When your loved one with dementia says i want to go home
Laura Banner

Laura Banner

Family Nurse Practitioner, Dementia Trainer & Advocate,
Keynote Speaker (Available for speaking engagements on Dementia)

When your loved one with dementia says they want to go home

If your loved one has had dementia for at least a few years, I’m gonna guess that you’ve probably heard the expression “I want to go home.” 

It can be quite frustrating and quite unsettling at the same time, to the caregiver, especially if it’s the first time that you’ve heard it. You wonder what do they mean; they are home. Maybe this has been the home that they’ve known for the last 20 or 30 years, but yet they still say, “I want to go home.” And again, if it’s the first time you’ve heard it, you may actually challenge them and say you are home. And then the response is agitation, more confusion, maybe some pacing, but it’s never just a simple “Okay.”

So what’s going on when they say, “I want to go home.”?
Well, what they’re referring to is home from the past. It means that they don’t recognize their current surroundings, as their present home. Again, even if it’s been their home for the last several decades. So what do you do with this information? Well, the first thing I would tell you is don’t challenge it. What we want is we want to reassure. We want to go ahead and understand the discomfort that they must be experiencing because, for just a minute, imagine if someone told you that you were home, but you didn’t recognize the surroundings. But they kept saying, No, this is home. Wouldn’t it agitate you cause you to become anxious and scared?

Well, that’s what happens when your loved one wants to go home, and they’re being told that this is their home. When they say, “I want to go home,” This can also be used as a cue, a cue or a clue to where they are in the stage of their dementia. Because we know, particularly with Alzheimer’s, short term memory is the first to go. So, if they’re not even remembering their current home, which would be long term memory, but if they’re not recognizing it, then that would tell me that they are at least in the moderate probably latter part of the moderate stage, and possibly even the beginning of the late stage of their dementia.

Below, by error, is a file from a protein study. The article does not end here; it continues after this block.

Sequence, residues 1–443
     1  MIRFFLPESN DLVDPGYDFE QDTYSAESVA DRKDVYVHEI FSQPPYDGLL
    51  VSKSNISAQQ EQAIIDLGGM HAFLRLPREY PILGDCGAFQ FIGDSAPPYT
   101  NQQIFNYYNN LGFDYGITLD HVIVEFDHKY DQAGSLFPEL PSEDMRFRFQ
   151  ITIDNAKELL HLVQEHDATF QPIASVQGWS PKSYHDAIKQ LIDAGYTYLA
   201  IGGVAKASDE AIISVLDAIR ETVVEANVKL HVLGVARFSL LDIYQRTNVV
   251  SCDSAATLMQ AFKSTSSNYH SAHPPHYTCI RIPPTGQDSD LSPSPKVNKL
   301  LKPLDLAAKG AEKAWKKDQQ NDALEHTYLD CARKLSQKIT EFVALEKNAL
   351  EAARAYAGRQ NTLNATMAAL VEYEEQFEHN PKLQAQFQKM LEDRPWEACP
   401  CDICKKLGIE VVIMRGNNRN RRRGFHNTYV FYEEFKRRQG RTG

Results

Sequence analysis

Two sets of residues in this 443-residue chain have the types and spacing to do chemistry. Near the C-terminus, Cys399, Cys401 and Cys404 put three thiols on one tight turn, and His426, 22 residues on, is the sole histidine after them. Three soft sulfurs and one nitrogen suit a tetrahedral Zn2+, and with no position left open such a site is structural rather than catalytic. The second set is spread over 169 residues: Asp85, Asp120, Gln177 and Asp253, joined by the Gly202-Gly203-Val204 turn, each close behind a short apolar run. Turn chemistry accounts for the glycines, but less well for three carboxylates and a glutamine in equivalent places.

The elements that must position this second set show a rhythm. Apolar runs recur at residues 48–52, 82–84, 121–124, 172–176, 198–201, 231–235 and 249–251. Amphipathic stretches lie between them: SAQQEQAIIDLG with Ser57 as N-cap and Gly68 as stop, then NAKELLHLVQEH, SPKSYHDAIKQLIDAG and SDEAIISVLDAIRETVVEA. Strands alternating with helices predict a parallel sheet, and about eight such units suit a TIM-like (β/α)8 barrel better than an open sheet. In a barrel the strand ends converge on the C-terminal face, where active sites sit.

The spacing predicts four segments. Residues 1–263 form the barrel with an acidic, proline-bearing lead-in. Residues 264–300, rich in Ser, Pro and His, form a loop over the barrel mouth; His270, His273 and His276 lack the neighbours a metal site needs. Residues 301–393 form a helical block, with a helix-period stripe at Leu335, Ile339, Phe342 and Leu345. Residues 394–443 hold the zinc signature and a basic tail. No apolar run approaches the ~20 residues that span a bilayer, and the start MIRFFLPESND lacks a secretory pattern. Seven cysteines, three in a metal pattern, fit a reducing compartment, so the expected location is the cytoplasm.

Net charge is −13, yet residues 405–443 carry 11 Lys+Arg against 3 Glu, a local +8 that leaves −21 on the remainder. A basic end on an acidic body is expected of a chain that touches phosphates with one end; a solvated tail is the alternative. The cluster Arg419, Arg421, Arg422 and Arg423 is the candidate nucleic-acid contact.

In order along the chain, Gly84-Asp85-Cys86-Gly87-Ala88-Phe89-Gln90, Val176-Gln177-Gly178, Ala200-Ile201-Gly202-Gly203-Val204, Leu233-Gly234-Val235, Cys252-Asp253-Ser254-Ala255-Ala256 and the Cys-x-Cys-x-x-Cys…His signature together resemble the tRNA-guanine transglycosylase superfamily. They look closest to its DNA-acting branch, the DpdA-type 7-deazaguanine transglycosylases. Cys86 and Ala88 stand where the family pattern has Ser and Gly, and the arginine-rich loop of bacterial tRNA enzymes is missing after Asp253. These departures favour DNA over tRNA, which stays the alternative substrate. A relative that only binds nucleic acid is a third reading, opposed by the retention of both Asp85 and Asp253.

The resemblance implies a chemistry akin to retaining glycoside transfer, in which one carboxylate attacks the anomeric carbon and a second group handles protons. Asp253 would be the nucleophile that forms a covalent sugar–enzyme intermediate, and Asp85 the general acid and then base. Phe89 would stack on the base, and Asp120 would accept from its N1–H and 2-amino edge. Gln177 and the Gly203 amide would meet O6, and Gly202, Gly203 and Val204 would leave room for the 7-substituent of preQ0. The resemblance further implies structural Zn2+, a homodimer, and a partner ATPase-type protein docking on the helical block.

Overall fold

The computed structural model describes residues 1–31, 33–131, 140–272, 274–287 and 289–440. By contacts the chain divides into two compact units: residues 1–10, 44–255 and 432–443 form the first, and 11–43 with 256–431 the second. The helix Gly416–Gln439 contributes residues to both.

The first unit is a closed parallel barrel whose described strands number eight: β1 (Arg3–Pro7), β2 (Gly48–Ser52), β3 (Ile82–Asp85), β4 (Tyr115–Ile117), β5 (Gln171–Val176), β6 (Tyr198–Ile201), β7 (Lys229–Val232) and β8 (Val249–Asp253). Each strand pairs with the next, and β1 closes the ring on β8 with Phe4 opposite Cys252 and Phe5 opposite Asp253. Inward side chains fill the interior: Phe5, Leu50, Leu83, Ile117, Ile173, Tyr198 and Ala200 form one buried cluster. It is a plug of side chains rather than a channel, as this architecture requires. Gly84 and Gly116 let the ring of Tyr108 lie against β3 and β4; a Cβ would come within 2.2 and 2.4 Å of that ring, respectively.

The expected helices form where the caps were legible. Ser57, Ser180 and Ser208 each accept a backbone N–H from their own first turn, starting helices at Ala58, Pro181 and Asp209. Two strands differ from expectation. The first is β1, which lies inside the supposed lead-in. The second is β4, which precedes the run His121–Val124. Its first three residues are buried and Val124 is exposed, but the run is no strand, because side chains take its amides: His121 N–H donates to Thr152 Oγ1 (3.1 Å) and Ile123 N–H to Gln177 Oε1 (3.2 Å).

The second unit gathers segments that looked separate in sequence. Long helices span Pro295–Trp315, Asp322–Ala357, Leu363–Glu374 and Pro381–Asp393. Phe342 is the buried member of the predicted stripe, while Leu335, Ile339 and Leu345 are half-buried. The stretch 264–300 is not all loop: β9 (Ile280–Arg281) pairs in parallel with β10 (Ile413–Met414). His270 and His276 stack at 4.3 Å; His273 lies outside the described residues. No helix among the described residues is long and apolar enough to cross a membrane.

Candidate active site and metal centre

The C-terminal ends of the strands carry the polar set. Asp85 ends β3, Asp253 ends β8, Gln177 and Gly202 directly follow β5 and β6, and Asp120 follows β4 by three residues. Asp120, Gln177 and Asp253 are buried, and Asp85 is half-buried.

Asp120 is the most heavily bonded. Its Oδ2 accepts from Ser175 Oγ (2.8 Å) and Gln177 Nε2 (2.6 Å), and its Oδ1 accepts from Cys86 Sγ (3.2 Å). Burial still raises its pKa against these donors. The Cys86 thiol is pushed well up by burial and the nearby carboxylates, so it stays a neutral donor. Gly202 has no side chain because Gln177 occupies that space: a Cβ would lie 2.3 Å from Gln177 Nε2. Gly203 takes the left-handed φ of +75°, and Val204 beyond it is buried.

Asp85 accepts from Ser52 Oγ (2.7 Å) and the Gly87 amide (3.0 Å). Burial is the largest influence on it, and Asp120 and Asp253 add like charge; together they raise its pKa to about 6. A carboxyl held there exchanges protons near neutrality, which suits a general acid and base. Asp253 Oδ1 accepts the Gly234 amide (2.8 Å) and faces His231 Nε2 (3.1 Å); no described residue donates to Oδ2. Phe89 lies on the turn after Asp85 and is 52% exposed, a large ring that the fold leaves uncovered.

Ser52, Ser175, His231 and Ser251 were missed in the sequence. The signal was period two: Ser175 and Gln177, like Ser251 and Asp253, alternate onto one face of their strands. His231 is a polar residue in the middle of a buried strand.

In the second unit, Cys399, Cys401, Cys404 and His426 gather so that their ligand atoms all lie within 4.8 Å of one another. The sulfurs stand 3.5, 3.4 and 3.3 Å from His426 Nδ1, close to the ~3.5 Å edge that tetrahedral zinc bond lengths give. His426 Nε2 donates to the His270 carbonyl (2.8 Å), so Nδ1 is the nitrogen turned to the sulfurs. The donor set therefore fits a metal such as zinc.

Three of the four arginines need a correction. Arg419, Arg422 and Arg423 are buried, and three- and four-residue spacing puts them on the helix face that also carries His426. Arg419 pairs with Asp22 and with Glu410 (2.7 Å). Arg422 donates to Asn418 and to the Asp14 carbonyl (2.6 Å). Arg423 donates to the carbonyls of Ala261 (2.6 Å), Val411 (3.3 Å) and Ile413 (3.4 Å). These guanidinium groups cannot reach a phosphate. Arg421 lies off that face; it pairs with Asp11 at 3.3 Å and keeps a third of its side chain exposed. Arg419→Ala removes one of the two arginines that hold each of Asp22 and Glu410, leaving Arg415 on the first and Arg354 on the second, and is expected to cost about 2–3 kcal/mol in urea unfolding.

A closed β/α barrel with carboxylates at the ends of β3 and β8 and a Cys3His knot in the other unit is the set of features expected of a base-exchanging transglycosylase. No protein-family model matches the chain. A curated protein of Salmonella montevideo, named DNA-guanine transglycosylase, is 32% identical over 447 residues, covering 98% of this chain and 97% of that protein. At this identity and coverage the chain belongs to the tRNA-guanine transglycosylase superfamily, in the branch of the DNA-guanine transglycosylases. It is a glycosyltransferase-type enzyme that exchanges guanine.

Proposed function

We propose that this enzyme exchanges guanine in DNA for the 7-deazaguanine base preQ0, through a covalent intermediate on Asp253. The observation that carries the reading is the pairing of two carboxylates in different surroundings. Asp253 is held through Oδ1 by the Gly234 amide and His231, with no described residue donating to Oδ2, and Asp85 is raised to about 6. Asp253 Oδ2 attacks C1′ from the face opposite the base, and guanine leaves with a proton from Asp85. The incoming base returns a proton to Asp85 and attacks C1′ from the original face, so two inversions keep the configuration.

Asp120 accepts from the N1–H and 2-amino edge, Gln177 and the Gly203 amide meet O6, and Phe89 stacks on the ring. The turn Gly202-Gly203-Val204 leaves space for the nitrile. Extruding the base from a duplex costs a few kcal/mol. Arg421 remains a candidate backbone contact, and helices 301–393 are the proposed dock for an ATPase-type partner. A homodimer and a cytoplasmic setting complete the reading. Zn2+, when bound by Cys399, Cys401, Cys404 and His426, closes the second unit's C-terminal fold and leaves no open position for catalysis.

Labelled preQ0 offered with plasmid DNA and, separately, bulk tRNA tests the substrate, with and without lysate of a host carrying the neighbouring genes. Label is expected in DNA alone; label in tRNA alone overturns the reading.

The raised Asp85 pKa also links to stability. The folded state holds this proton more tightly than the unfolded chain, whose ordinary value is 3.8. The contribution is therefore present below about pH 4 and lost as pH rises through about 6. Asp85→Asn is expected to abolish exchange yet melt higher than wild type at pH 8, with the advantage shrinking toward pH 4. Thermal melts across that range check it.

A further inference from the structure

So how do you know? Well, I’ll tell you what I’ve noticed is that when people start talking about loved ones, in particular, their parents, who probably are deceased at this point. But they’re talking about them in present tense. Maybe they’re saying, “I want to go see mom” or, “Has dad called recently?” or, “What time does dad get home from work? But dad’s been passed for several years. That is a window into where they’re at, where their present-day is, back in their childhood maybe, or maybe back in the years of their early adulthood.

So how do you manage this when they tell you they want to go home?
What I would recommend is to try distraction.
You could say something like, “okay, we’ll go home, but let’s just stay here one more night,” sometimes that works, but sometimes it doesn’t. You could also go ahead and try to get some information about the home. And by having them talk about the home, that alone could distract them, and perhaps calm them. You could ask them, what is it about your home that you love so much? Maybe it’s the yard, maybe by some of the things that they tell you, you’ll have an idea of which home they’re referring to. Was it their childhood home? Maybe it was their first home, once they moved out of their house.

Go ahead and try to turn it around, so instead of it being something that is anxiety-provoking that it’s actually an opportunity for conversation, be amazed at how it works, it’s very easy to distract when you’re tapping into a long term memory. We try so hard to understand what they’re going through, but the truth is, despite our very best efforts, we really don’t know. So we have to try to imagine what it must be like for them.
Again, it’s very, very important, do not correct them, don’t tell them that this is home because to them, it’s not, and what it can also do is cause them to not trust you. And if you are their person, their primary caregiver, the last thing you want to do is to betray that trust.

So again, try to get them to talk, before you know it, you might be deep in a conversation, and they’re not remembering that they are asking to go home. Again this is very common; it’s quite unsettling, especially the first time you hear it. But rest assured. This is more common than you can imagine, and with a little bit of creativity on your part, and certainly a lot of understanding, this can be an opportunity for you to learn more about your loved one, perhaps some things that you didn’t know.

Anyway, I hope you found this helpful, please go ahead and subscribe to my podcast,
I release new episodes every Tuesday, also check out my Instagram or go to my website,
I have a lot of information there as well.  Thank you!

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